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Police and Protesters at RNC Show Some Respect and Patience

Monday protesters at Cleveland's Perk Park
Monday protesters at Cleveland's Perk Park

A wide variety of opposing protest groups have stormed into Cleveland –and some are armed- but the Cleveland Police Chief says “so far so good.”   That’s what observers are saying as well.

Monday protesters at Cleveland's Perk Park
Credit Ideastream
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Monday protesters at Cleveland's Perk Park

The city set up a specific parade route for protesters but it hasn’t stopped some groups from blocking downtown streets at rush hour like this group on Chester Avenue yesterday afternoon. Police in cars and on horses and bikes followed them to Perk Park

The police never bothered this group for breaking the rules and that’s how it should be, said Eric Ferrero of Amnesty International.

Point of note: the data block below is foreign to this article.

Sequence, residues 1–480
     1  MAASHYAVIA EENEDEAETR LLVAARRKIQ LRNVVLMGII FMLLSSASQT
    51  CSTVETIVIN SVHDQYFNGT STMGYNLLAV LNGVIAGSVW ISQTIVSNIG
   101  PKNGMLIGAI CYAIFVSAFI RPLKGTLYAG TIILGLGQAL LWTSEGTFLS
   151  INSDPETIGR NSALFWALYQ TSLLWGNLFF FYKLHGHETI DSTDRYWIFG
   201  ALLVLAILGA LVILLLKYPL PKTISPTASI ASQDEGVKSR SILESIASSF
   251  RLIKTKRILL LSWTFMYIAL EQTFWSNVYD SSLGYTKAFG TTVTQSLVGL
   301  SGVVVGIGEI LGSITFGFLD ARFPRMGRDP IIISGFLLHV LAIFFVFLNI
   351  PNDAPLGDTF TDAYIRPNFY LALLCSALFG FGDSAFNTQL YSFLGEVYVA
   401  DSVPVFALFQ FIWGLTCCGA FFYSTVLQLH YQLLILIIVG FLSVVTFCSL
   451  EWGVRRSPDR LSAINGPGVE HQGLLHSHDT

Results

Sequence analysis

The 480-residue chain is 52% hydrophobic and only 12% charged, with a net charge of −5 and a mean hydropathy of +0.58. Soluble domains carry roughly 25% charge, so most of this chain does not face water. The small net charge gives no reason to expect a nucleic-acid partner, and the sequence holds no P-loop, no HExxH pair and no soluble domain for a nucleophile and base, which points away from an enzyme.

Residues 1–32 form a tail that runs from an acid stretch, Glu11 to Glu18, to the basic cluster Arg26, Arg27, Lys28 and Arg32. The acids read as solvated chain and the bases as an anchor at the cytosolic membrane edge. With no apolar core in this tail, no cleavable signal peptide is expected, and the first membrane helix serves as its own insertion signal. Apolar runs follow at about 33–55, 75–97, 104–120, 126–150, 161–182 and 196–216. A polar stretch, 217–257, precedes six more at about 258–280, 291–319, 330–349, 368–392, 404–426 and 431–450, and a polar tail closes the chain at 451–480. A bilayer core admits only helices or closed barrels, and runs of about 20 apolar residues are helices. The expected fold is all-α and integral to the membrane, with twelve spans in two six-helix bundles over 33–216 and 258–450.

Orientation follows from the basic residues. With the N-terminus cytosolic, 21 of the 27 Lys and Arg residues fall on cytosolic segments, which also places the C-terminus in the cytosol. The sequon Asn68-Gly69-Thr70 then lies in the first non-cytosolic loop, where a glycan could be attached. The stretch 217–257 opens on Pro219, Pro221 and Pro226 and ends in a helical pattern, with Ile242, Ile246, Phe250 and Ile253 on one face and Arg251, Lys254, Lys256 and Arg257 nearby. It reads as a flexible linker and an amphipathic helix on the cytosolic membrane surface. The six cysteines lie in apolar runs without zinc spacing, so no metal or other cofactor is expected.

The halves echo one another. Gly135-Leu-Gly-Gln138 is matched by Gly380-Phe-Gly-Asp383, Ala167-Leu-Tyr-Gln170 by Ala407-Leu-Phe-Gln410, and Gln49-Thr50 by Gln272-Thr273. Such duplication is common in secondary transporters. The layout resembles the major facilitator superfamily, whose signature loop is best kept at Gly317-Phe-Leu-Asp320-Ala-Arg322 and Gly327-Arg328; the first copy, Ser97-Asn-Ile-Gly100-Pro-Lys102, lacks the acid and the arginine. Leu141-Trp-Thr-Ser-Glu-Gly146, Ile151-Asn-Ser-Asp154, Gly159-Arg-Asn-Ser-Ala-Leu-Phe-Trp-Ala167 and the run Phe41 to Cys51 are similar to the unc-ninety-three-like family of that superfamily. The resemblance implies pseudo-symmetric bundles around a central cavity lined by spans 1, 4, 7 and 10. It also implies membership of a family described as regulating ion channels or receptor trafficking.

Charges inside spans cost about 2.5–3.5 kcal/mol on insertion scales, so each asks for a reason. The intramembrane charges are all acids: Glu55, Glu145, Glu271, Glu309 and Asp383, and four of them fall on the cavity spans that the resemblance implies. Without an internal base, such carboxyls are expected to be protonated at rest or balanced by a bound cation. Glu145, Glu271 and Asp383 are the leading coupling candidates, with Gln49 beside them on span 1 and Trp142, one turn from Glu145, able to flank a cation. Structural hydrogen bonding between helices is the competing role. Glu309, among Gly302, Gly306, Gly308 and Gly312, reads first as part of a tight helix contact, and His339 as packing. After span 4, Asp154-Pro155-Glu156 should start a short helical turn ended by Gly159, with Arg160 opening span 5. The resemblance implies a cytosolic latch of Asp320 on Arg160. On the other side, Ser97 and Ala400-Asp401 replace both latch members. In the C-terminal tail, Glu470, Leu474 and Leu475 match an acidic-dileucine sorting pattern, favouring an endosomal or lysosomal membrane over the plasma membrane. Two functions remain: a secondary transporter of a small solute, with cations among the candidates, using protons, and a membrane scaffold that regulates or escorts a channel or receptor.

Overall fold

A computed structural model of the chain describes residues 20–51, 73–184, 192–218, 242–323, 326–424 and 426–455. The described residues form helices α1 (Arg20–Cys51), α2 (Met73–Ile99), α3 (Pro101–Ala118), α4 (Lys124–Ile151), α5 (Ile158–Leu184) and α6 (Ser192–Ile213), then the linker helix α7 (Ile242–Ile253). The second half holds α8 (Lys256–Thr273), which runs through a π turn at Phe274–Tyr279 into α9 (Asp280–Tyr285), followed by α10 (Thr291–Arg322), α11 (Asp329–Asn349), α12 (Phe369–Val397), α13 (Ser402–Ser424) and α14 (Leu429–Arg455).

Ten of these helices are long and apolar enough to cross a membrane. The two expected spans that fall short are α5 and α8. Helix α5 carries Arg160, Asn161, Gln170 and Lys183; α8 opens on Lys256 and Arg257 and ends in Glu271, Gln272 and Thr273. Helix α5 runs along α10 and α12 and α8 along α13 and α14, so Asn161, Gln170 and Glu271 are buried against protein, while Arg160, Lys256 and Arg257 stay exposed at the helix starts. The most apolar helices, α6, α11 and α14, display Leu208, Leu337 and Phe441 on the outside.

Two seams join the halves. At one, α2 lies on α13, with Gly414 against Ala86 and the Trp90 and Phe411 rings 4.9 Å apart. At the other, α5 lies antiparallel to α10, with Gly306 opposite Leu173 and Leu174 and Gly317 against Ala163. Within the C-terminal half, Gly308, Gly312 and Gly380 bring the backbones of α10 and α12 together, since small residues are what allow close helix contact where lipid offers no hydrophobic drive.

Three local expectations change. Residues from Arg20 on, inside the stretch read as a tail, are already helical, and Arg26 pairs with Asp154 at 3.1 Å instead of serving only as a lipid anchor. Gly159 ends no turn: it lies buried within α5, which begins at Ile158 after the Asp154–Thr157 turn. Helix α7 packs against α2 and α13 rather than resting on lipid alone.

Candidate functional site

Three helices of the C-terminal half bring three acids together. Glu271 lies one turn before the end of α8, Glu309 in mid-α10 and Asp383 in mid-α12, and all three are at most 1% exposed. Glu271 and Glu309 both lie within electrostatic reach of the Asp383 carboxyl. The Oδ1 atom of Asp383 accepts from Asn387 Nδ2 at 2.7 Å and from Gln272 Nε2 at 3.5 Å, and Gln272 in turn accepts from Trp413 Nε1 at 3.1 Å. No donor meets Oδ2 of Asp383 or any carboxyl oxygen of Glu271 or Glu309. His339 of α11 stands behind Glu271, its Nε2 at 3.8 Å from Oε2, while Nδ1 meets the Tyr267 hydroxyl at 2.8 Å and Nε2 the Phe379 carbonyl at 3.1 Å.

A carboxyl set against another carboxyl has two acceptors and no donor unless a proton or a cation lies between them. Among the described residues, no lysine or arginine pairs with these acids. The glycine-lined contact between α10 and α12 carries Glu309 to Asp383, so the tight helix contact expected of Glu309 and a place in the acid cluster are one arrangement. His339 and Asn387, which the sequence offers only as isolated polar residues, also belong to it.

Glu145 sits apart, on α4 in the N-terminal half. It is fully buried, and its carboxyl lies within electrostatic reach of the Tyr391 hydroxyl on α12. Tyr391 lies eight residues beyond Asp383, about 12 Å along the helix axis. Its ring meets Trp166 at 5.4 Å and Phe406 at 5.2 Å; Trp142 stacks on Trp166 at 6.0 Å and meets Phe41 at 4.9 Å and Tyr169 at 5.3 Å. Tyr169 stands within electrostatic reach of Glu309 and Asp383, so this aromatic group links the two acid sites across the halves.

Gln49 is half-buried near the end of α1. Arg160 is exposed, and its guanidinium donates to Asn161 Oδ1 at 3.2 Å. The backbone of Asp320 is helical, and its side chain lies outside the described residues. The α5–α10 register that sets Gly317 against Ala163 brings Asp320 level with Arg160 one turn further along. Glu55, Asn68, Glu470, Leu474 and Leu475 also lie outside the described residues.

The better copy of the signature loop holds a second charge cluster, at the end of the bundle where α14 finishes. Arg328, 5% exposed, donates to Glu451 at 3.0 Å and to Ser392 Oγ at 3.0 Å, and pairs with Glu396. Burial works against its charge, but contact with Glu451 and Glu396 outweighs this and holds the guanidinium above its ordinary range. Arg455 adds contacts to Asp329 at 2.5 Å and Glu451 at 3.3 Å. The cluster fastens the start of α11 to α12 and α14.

"It is important that the police be flexible to allow for peaceful protests to occur.  People have a fundamental human right to peacefully protest.  That’s their duty and their obligation.  By and large we’re seeing that.”

It seems a lot better than Minneapolis and New York City when a mass of people were arrested.

“We’re a few hours into day one," said Chief Calvin Williams.  By evening the police chief looked relieved.  One woman who signed up to speak at Public Square was arrested but that was because she had an outstanding felony warrant.    

The other nervous moment came when a group of Trump supporters squared off with an anti-Trump group.  Officers used their bicycles as a barricade between the two sides.

“Things did start to heat up a little bit as far as the rhetoric.  We just brought in the bike guys in and cut it off a little bit, gave everybody some space, and it continued on.”

One of the Trump supporters told us that he was here to support Trump and to defend the police. Do you appreciate the armed people coming to protect your officers?

The chief chuckled, "We appreciate the sentiment but as you can see have more than enough officers to protect ourselves.

Amnesty International’s Ferrero says the Cleveland's police force appears well trained but he has worries that some of the out-of-town police officers in the city this week may lack the same training. 

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